As fate had so strangely cast these two youthful beings into the same lonely place, they decided to live together, accepting one another as husband and wife. Thus she who had been the consort of the Dragon-child was now the companion of the Sun-child. The woman worked in the daytime, and the man at night, and so they earned their living. But soon married life brought a change upon the woman, who needed the help of others, and they decided that she must go to the parents of the Sun-child. The lad wrote the following letter to his parents:
“I herewith send you your daughter-in-law; keep her and take care of her as my wife. But do not seek me; I cannot see the sun, I cannot come home, neither can I enter the city. If I do come I shall surely die; I am cursed.”
Walking during the nights, and hiding himself in caves in daytime, the lad brought his wife to the vicinity of his parents’ house, and himself went back to his lonely hut. The woman gave the letter to her father-in-law, and was accepted. The lad’s father and mother hearing that their son was alive, said they would go and bring him, but the bride dissuaded them, saying that they would be the means of his death. In the fullness of time the family was cheered by the birth of a son, which the young mother put in a cradle and rocked, singing to it melodious lullabies from the incidents of her own life. One night as the young mother was putting her baby to sleep, another voice was heard out in the darkness singing a melodious lullaby. The bride recognized the voice to be that of the Sun-child, who had come from such a great distance, being drawn by the love of the baby; but he could not enter. This was repeated several times until the bride’s father and mother-in-law heard that somebody was in the habit of coming at night, and singing lullabies by turns with their daughter-in-law. Suspicion entered into their minds that the bride might have a lover who was making nightly calls on her. The young woman, seeing that they were watching her with mistrust, said:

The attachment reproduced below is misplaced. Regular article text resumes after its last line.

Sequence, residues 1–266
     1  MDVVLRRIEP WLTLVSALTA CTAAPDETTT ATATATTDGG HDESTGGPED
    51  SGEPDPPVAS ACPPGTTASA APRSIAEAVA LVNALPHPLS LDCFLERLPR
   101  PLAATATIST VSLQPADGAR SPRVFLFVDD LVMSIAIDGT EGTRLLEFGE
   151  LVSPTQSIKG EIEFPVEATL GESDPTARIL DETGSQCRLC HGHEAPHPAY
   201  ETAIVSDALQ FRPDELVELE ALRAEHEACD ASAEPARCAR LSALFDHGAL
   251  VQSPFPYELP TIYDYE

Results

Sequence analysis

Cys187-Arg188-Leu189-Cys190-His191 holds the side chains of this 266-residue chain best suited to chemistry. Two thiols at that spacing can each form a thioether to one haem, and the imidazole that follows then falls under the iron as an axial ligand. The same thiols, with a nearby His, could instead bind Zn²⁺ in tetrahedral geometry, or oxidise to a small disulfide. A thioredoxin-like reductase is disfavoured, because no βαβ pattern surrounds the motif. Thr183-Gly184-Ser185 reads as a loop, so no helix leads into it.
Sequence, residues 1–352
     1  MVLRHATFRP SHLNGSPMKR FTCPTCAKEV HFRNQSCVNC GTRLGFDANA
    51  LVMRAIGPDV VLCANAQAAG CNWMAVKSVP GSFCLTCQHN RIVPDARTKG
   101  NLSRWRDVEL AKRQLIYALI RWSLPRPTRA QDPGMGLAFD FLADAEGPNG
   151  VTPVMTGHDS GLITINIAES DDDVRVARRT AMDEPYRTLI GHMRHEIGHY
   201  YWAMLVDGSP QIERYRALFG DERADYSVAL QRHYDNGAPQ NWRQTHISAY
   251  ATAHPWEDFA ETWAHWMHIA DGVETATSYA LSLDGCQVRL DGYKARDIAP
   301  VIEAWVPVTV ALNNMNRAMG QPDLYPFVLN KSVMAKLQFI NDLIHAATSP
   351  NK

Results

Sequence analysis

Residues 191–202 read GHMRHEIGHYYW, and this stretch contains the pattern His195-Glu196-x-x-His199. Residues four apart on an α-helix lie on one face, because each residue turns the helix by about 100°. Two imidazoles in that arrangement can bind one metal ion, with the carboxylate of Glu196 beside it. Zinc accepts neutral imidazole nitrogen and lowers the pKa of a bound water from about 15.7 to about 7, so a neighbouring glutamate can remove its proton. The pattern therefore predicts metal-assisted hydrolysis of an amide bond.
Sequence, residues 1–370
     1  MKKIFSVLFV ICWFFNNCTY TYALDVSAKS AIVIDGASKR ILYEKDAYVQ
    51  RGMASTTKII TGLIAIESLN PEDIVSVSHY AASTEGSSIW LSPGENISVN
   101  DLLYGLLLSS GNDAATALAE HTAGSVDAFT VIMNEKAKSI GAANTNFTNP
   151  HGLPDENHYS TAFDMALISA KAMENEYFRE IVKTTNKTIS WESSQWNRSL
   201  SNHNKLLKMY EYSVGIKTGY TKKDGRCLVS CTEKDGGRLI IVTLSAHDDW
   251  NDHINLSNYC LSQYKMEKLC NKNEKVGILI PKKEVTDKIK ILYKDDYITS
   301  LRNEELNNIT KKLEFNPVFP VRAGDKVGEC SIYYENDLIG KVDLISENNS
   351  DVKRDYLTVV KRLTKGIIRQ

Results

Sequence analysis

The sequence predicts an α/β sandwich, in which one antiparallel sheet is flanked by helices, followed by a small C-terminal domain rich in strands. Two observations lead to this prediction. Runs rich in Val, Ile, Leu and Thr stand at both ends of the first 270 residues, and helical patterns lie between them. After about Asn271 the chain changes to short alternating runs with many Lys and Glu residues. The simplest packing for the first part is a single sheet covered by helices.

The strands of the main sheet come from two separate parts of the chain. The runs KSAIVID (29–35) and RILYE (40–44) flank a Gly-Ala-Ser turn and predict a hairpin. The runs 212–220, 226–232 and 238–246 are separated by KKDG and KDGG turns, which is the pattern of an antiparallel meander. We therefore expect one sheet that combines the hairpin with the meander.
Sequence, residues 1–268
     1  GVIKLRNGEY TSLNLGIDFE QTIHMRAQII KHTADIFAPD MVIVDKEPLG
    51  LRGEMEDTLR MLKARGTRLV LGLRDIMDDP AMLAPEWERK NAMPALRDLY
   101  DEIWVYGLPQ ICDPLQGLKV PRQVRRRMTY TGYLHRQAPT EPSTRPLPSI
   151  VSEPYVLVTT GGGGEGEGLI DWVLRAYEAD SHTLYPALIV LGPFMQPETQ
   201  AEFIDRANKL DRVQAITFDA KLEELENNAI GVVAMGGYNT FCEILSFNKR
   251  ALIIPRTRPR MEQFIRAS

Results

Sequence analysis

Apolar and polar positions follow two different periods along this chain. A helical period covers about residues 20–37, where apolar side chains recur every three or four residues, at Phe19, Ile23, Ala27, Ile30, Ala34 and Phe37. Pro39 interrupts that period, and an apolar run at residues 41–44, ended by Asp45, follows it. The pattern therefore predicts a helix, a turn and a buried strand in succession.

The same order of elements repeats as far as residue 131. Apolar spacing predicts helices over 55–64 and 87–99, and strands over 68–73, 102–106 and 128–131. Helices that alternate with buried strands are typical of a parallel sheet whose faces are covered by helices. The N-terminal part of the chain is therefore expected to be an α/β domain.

“It is your son who comes and sings lullabies; the love which he bears to the baby draws him, but he cannot enter; the moment you compel him to come in he dies.”
“Nay, you are lying!” exclaimed her father and mother-in-law with rage; “there must be some foul play here. We will keep watch and catch the nightly visitor; if he proves to be our son, well and good; if not, woe be unto you.”
That night they kept watch, and when the voice from outside was heard they ran and took hold of the man, and lo! it was their son, who begged them, saying:
“For Heaven’s sake, let me go! If by the time the sun rises I am not hid in my hut, I die. Spare my life; I am cursed!” 
This sounded to his father and mother like deceit, and they kept him at home until daybreak. As soon as the first rays of the sun beamed from the East, lo! the lad sank in the arms of his father and mother, and died. He died, but strange to say, his spirit did not depart from him entirely. They said he would revive at sunset. But not so; at night also he was in the same benumbed state. The house was changed into a house of sorrow; but worse than that befell. He was not dead so that they could bury him and he was not alive so that they might talk with him or administer a remedy. The parents took stones and beat their own heads, they pulled their hair, and sat in ashes and sackcloth. They lamented and wailed, but it was all of no avail. One night the afflicted mother dreamed a dream in which this revelation was made to her:
“Get up, put on iron sandals, take in your hand an iron rod and travel toward the West, until your sandals are worn and your rod is broken. Wherever holes are opened in your sandals and your rod is broken, there you will find a remedy for your son.”